The following list gives a general description of each assignment /area of evaluation. Specific requirements, due dates, and evaluation criteria will be provided in an Assignment Prompt for each project and paper, located in the “Assignments” folder on Blackboard.
Scholarly Contribution 25%
Critical thinking and writing are a process of idea generation and revision, refining your argument and analysis. Active discussion with your peers helps you better understand difficult concepts in new discourses by creating a community of scholars who learn through the comparison and contrast of varying perspectives, and the pooling of knowledge. Your contribution in small groups, full class discussion, and online discussion forums is essential for the success of the class.
I expect you to read all assigned texts carefully and critically, and participate vigorously in all class discussions and activities, in-class and on-line. All participation should be conducted with respect and professionalism. We will likely disagree with theories, readings, approaches, and perspectives, and this is fine; however, we must also practice creating the sort of classroom environment of open, positive critical thinking that leads to greater understanding of our world. Due to the highly interactive nature of this course and the emphasis on group work and class discussions, I expect you to attend all class meetings and to be on time. The scholarly contribution grade will be calculated starting from attendance: each class session attended starts at 100%, or 50% if tardy (more than five minutes late, or leaving more than five minutes early). Thus, the total number of attended (and on time) class sessions establishes the maximum grade possible. For example, if you accumulated three absences and one tardy (or -3.5) out of 40 possible class sessions and discussion forums, you would have a max score of 91%, or A- (36.5/40). An “A” scholarly contribution could then only achieve a total of A- in this grading category.
The learning purpose for this grading category is not only to motivate you to read the material closely, but to provide you with multiple and varied opportunities to understand theories of rhetoric and how they play out in contemporary social life, how rhetoric constructs knowledge, articulate the relationships among language and power that change over through time, culture, and technology.
Critical Responses 25%
Each week will include a portion of the novel studied at the time, and a text in critical/rhetorical theory. You are responsible for writing a 250-500 word blog post that responds to the readings, published by the end of day Monday before each new Tuesday meeting. Formal analysis is not necessary, but responses should be error-free, should have a main point, and should question, extend, argue against, or provide insight into (or even explain confusion with) the assigned texts for that coming week. These responses will be read by me and used as part of the class discussion, and may be presented on the overhead.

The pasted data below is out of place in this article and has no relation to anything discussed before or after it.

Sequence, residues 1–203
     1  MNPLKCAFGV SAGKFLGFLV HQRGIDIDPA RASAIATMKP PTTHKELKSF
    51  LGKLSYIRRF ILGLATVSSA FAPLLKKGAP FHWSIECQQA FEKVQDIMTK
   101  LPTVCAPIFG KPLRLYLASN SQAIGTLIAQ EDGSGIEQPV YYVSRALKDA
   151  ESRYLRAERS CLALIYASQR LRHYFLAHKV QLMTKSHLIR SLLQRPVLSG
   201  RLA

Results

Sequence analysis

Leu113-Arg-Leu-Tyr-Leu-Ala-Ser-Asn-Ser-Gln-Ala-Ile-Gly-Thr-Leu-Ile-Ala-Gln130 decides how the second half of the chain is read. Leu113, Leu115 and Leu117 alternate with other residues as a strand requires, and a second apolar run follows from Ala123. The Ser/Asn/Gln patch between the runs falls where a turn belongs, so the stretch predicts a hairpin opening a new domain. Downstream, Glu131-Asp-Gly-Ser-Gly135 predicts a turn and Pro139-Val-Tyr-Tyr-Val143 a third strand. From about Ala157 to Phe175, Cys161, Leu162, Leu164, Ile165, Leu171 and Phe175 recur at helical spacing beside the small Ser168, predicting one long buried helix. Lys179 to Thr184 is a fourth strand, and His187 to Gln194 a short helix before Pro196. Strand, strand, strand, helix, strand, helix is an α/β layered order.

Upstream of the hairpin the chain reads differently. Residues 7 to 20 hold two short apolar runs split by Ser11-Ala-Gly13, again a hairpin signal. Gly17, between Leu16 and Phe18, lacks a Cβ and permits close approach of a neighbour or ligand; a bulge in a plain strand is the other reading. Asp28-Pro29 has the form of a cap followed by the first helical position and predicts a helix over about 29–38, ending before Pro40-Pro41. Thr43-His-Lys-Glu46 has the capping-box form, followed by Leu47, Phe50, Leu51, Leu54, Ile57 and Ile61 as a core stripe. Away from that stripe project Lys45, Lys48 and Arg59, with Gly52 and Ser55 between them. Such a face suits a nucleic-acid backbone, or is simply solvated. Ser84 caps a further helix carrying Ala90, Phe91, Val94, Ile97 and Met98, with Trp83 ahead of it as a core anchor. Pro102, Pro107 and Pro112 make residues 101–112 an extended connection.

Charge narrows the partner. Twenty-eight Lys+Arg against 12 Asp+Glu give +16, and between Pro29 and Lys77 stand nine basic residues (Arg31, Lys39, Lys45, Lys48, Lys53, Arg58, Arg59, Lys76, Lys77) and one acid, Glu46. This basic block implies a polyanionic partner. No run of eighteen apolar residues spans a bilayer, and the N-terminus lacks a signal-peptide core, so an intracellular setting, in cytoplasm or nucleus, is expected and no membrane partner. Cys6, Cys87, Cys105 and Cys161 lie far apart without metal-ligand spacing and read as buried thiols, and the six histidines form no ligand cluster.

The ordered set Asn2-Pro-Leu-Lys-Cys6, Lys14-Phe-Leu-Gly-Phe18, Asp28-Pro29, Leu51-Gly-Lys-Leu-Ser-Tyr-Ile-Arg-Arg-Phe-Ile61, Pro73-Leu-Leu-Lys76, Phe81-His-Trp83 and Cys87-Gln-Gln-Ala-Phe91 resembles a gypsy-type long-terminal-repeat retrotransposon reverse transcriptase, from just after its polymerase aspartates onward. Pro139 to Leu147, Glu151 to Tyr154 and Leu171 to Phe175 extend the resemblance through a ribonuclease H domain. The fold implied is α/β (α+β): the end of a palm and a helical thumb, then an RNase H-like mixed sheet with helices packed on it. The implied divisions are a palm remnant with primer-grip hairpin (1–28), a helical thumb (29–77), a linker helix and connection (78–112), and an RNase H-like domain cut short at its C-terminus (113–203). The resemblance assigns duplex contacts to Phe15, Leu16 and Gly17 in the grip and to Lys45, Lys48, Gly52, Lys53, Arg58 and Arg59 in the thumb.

At the end of each novel, I will grade the collection of blog posts for that unit as a whole. See Appendix for evaluation rubric.
Late responses will have a penalty of one letter grade deducted for each week late. Critical responses cannot be revised for a higher grade.
The learning purpose for this grading category is to provide you with the opportunity to explore and experiment with various critical frameworks for the rhetorical analysis and criticism of fiction, without the risk of more formal evaluation. Each response is a development toward a more sophisticated analysis, represented in the formal essays, and the ideas, strategies, and even compositions of the response may be used (through revision) in those essays.
Midterm and Final Essays 25% each
2000 words minimum. Each essay should take a critical stance on (make an argument about) the rhetorical forms, messages, and issues in the two novels for that half of the semester: Everett and Robbins for the midterm, Egan and Ozeki for the final. You are encouraged to be creative in the construction of your argument, using as your basis the theory read and discussed in class, though incorporating all of the theory is not necessary. Researching and incorporating additional theoretical lenses is highly encouraged. Use of research and theory in the essay will be evaluated on the merits of the argument itself—if, for example, you are writing about the narrative/authorial voices of each text, you should include all relevant theoretical discussion from the course, in addition to further research.